Tools of the adventure

During my time as a university student I was fortunate enough to land a part-time job working at Bivouac Outdoor in Albany, Auckland. Working at an outdoor retailer is more than just geeking out on synthetic fill compressability and comparing the battery lives of 6 different head torches. The best bit about working at Biv was getting a little bit involved in other people’s adventures. My favourite memory is of one middle-aged lady who was in the market for a lightweight tent. I listed some options and showed her some models that might suit her trip into the South Island wilderness.

She frowned at the sleek-looking shelter in the brochure and said “That’s all very well but the vestibule isn’t big enough.” I looked at the picture of the suggested tent, with its ample storage space for personal gear, then back at the woman.

“What are you planning on taking?” I asked, mystified.

The woman gave a nervous smile, “My pet goat,” she explained, “she doesn’t like sleeping outside so I thought she could camp out in the front of the tent. She’s really very useful for route finding, always seems to pick the best way through any scrubby areas.”

That to me is what is awesome about exploring the outdoors, the adventures that await are as unique and diverse as the adventurers themselves. Of course this means that the tools we use are often specially adapted to the specific conditions and problems we expect to encounter on our travels, and a voyage to Antarctica is no exception:

The upper layer of my suitcase, complete with Kiwi roundel

A key purchase for this trip has been my boots, a pair of full-shank Gronell Piumas. The stiff sole can save your bacon, or rather your calves, on steep ice and snow where you are standing only on the front points of your crampons. The catch is that they tend to be less comfortable on any other terrain.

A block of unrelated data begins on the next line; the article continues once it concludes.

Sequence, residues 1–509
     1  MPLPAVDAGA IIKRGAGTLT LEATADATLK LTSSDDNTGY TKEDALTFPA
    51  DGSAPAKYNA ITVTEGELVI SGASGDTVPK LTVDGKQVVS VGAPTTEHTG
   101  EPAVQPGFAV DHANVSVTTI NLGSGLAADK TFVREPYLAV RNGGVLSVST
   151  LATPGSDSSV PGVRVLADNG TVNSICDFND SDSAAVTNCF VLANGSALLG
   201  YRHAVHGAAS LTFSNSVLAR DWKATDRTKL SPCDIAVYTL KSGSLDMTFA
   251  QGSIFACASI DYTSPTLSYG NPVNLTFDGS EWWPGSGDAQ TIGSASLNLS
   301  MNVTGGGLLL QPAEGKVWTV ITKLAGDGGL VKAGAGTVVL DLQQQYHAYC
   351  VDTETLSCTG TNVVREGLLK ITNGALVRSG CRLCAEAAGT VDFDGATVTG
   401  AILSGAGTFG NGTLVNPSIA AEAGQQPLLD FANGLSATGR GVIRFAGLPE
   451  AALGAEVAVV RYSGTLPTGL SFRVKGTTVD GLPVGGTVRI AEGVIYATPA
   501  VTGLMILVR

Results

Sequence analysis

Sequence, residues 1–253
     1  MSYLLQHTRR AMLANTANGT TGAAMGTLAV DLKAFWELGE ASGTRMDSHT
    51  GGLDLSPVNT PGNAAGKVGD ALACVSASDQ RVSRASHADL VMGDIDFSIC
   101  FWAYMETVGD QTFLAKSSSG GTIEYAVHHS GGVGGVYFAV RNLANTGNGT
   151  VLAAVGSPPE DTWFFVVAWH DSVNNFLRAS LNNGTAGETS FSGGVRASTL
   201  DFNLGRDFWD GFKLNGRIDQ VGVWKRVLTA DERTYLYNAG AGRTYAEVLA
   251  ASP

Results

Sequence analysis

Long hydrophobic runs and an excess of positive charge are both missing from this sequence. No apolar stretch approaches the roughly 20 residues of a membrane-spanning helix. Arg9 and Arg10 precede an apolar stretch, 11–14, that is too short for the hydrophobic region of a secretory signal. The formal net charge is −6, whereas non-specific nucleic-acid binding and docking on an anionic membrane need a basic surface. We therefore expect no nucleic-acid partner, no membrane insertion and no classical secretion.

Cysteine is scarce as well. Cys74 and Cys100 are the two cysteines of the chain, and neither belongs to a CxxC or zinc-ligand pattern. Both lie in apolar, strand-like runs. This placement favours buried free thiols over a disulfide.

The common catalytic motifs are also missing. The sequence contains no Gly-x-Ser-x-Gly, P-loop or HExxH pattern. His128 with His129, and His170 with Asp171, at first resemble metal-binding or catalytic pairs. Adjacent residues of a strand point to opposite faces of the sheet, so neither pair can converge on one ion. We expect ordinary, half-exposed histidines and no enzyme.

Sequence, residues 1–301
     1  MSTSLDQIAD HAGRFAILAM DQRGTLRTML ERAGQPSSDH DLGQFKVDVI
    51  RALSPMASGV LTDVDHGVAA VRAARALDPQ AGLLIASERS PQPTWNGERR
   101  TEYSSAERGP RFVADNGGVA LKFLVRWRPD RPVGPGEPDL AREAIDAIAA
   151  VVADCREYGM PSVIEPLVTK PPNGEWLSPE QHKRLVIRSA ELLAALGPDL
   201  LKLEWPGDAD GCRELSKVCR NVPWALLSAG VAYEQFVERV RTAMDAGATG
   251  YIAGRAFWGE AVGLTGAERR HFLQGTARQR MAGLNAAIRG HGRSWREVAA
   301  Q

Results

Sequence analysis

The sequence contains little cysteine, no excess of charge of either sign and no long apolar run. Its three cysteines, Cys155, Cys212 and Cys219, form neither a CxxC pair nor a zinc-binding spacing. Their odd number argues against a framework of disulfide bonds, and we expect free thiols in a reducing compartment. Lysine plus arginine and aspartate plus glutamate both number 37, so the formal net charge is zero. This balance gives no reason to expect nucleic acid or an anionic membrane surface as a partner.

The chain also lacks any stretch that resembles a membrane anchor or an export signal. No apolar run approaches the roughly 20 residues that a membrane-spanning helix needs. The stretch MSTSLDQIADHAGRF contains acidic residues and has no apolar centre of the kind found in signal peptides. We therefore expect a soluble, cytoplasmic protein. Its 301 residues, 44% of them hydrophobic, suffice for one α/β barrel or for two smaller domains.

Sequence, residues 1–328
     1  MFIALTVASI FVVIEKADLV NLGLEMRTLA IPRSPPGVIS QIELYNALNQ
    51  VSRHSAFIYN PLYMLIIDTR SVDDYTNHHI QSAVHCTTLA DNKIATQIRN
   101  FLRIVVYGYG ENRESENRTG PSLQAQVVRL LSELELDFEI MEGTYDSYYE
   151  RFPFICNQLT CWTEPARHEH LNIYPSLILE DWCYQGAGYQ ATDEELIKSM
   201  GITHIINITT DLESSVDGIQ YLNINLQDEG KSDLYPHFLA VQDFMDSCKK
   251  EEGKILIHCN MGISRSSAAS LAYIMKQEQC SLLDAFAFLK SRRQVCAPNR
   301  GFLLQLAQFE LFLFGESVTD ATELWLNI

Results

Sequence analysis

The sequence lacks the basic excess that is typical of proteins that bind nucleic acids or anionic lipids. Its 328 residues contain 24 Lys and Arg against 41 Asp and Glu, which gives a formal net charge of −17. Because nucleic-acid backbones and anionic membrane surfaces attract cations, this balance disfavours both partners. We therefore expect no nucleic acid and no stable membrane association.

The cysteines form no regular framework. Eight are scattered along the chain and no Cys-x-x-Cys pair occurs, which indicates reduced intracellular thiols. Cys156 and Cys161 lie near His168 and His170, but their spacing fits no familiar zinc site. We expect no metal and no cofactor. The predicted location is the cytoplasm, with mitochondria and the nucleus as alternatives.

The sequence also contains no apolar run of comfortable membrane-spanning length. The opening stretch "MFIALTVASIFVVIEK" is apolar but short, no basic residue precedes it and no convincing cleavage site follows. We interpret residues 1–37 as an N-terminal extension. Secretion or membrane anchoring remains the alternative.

The vicious-looking boot and crampon combo

Crampons are essential for moving safely across glaciers. My G12 Grivels have been trusty steeds for the past three years. Owing to my tiny shoe size and lightweight boots I had to pack out the front arch of the crampon with a piece of plastic croc. This less-than-elegant solution meant that the toe of my boot didn’t stick out too far over my front points. Fortunately, my new boots are a bit bulkier at the front so I’ve been able to ditch the McGyvered modifications.


For this trip I’ve opted to take a walking axe, a straight-shafted Black Diamond Raven, on-loan from Bivouac Outdoor. My usual set of technical tools (Black Diamond Vipers) are hanging sadly from my bookshelf. Having two tools opens up so many doors in the mountains, particularly when climbing un-roped. When the snow conditions are good, you can feel incredibly secure on some seriously steep terrain. However, Mt Scott shouldn’t be overly technical so not worth the extra weight to take two tools.


Getting bored of all this gear talk? So is Boston, my distinctly unimpressed Black Labrador:

Because watching Sylvie pack is EXHAUSTING!

When weaving around crevasses on a glacier, roping up is a necessary precaution. Being tied together means that if one person falls into an icy abyss, the others on the rope can arrest their fall. All of this connecting needs an attachment point and that’s your harness. This is my Black Diamond Lotus in fetching teal and grey. Climbing harnesses don’t seem to have the same mythic worship attached to them as climbing shoes, ropes or trad gear- they are the unsung heroes of vertical pursuits. Mine has certainly saved my limbs and life hundreds of times in the gym, on rock and on ice. However, falling into crevasses is a different matter and I really hope it plays more of a wrap-around-purse-for-all-my-climbing-gear role on this trip.

Harness, complete with 4 gear loops (Toby take note)

My final gear photo is of one of those pieces of kit which you take and hope like hell you never have to use: the avalanche transceiver, a DTS Tracker. Watching tonnes of snow and ice thunder down a mountainside is one of the most incredible phenomena you can experience in the alpine environment. It is also one of the most terrifying. Really hoping the most action my gadget sees is playing a fun game of hide and seek on the ship.

Avo transceiver, generously lent to me by AURAC/AUTC

So here it all is, nicely packaged and ready to be freighted across the world at 8pm this evening. Boston is pictured here trying to blend in with my suitcases in the hope that I’ll take him with me by accident.

One of these things is not like the other…

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